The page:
PG: Best wishes for your insipring work, Molly! Please keep educating us. Thank you!

PAVING THE PATH TO DECARBONISATION

The Journal, Chartered Insurance Institute: 22.4.22.

https://thejournal.cii.co.uk/2022/04/22/paving-path-decarbonisation: This is a sequel to – TAKING THE WHEEL ON CLIMATE CHANGE (December 20, 2021), where I highlight the role of climate change in driving major changes to insurance supervision and regulations in the US. And here, the actuarial profession under the spotlight.

Borrowing from Doug Sheridan: “15 months into his Presidency, many of Biden’s voters are still waiting for him to deliver on his climate pledges. And for young people in particular-frustration has turned to anger… pace of the admin’s climate action has slowed to a trickle.”

However, there is a silver lining: Wind-Water-Solar provided 96.34% of all new US electrical nameplate capacity in the first two months of 2022. Also, in Jan/Feb 2022, U.S. renewable output was 22.8% of all electricity generation versus 19.7% in 2021 (www.renewablesnow.com).

The good part is the executive continuing to nudge the regulators to align the insurance industry with the goals of #parisagreement. Much of this sequel relates to the growing role of the actuarial profession in the climate space.

Climate Science: A Summary for #Actuaries, presented on April 13th, 2022, summarises the #IPCC’s Sixth Assessment Report (AR6) Working Group I (WGI) report in a manner tailored for the actuarial community. Actuaries, it emphasises, as risk professionals need to understand the physical impacts of climate systems and climate changes. Such impacts will affect how risks are underwritten, priced, managed, and reported, whether for general, life or health insurance, pensions, other financial institutions, or social security. It is important for actuaries to understand the magnitude of the potential changes, the uncertainty of their frequency and intensity, and the inherent volatility of such risks.

At a recent online event I asked the IAA panel – How can the IAA influence particularly North American insurers to cut their fossil fuel exposure?

Gabor Hanak, Chair of the Climate Risk taskforce answered: “IAA is not a lobbying organisation. Our influence is entirely through our contributions, papers and discussions. What’s more, the IAA is a global organisation and there is a basic principle how the IAA is operating, it is called the principle subsidiarity. So the IAA will never interfere with region’s policies unless the respective actuarial organisation in that region requests to do so. I don’t think it will happen in terms of North America.”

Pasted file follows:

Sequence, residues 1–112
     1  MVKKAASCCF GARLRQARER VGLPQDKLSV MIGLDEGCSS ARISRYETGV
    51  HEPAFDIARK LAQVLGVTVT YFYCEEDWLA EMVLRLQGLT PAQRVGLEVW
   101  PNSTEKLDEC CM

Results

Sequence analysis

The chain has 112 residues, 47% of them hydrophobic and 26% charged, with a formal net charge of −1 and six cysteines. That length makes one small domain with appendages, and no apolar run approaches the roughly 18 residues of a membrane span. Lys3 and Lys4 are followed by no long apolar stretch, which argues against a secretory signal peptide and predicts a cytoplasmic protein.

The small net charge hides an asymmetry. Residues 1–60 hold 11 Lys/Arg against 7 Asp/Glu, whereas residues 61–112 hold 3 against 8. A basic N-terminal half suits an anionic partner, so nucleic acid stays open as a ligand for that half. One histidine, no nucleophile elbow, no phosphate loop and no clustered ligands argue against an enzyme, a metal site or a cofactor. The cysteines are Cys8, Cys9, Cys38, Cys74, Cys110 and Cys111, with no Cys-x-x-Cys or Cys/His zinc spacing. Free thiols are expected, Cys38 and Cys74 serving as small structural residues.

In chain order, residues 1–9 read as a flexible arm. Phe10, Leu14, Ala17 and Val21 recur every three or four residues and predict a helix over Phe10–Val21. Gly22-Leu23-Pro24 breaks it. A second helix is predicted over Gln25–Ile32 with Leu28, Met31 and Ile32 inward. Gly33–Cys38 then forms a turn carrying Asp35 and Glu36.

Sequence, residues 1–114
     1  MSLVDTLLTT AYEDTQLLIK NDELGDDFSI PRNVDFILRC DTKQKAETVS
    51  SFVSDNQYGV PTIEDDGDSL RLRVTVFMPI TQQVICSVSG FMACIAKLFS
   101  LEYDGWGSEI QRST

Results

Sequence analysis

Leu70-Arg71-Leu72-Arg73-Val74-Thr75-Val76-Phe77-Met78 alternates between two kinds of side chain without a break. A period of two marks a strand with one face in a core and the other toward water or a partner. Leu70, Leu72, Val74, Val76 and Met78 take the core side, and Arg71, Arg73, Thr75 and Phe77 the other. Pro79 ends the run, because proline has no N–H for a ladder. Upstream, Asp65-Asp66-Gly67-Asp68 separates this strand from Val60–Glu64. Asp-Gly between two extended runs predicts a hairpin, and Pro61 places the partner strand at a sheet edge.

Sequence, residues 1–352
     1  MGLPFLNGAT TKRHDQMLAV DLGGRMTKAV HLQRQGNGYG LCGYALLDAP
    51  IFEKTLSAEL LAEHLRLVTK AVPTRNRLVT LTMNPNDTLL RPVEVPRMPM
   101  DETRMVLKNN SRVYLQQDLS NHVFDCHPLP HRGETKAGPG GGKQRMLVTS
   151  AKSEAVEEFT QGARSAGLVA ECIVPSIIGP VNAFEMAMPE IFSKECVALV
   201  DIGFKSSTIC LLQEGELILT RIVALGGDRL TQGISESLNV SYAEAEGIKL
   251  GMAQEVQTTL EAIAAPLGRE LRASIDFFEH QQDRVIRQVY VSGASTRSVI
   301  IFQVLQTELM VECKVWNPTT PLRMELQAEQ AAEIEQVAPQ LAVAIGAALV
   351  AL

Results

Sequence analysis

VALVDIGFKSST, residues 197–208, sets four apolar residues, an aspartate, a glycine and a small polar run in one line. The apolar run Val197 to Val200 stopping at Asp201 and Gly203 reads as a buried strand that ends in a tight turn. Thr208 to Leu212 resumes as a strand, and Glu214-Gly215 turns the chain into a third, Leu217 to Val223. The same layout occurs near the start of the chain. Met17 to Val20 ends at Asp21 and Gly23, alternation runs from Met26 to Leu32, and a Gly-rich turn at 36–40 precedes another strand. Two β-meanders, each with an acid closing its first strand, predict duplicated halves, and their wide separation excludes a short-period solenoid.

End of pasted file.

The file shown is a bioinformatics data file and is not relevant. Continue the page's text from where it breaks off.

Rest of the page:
“If it’s not already, climate and #climate#riskmanangement need to move to front of mind for every organisation – quickly. This is not based merely on ideology, but on the undeniable link to risk management and our responsibilities as custodians of our organisations. Governance Institute of Australia’s Guide for boards and management on the path to net zero will assist with this mindset shift”, says Megan Motto 😊, CEO of the institute. The report has significant inputs from eminent actuaries.

Navigating through muddied water or is it an oil spill?

Op-ed for Illuminem: April 20, 2022

https://illuminem.com/energyvoices/8a3bd58b-089f-4391-969e-25eacfadd4f9

Was it just the challenging circumstances under which the #securitiesandexchangecommission (SEC) announced the disclosure of climate rule that seems to be drawing much flak? Shiva Rajgopal has an interesting perspective: “Climate reporting may be the third-best, not even the second-best, way of focusing corporate minds on the climate problem…”

Estimated damages in the US – from floods, drought, extreme heat, wildfires, and hurricanes – have grown to about $120 billion a year. These are bound to grow if greenhouse gas emissions continue unabated. For the first time in history, via the Office of Management & Budget (OMB) the US federal government is formally accounting for risks of climate change.

It’s been fifty years since The Club of Rome came up with ‘The Limits to Growth’. Is #degrowth anywhere close to getting into vogue? “Global North people, businesses and institutions have operated in excess of their fair share of global resources for far too long…” says Jennifer Wilkins, author of a recent paper ‘The Degrowth Opportunity’. She quotes Colombian-American Professor of Anthropology Arturo Escobar: “We are being ecologically and culturally impoverished by a ‘patriarchal Western capitalist modernity’ and the ‘constitution of a single globalised world’…

The #globalnorth versus the #globalsouth debate gets intensified by the #colonisation dimension. The #IPCC has finally made room for it. While we are all in the same boat, the global north must quickly come clean and take a lead so as to become a good role-model.